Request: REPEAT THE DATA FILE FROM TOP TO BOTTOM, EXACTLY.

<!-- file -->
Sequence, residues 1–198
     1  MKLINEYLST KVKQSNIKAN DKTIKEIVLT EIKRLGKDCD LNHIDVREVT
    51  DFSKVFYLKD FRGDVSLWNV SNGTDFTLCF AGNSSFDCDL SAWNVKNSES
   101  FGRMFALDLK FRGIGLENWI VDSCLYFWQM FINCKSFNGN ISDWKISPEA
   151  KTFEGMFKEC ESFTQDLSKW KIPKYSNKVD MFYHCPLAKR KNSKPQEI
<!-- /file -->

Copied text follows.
Sequence, residues 1–198
     1  MKLINEYLST KVKQSNIKAN DKTIKEIVLT EIKRLGKDCD LNHIDVREVT
    51  DFSKVFYLKD FRGDVSLWNV SNGTDFTLCF AGNSSFDCDL SAWNVKNSES
   101  FGRMFALDLK FRGIGLENWI VDSCLYFWQM FINCKSFNGN ISDWKISPEA
   151  KTFEGMFKEC ESFTQDLSKW KIPKYSNKVD MFYHCPLAKR KNSKPQEI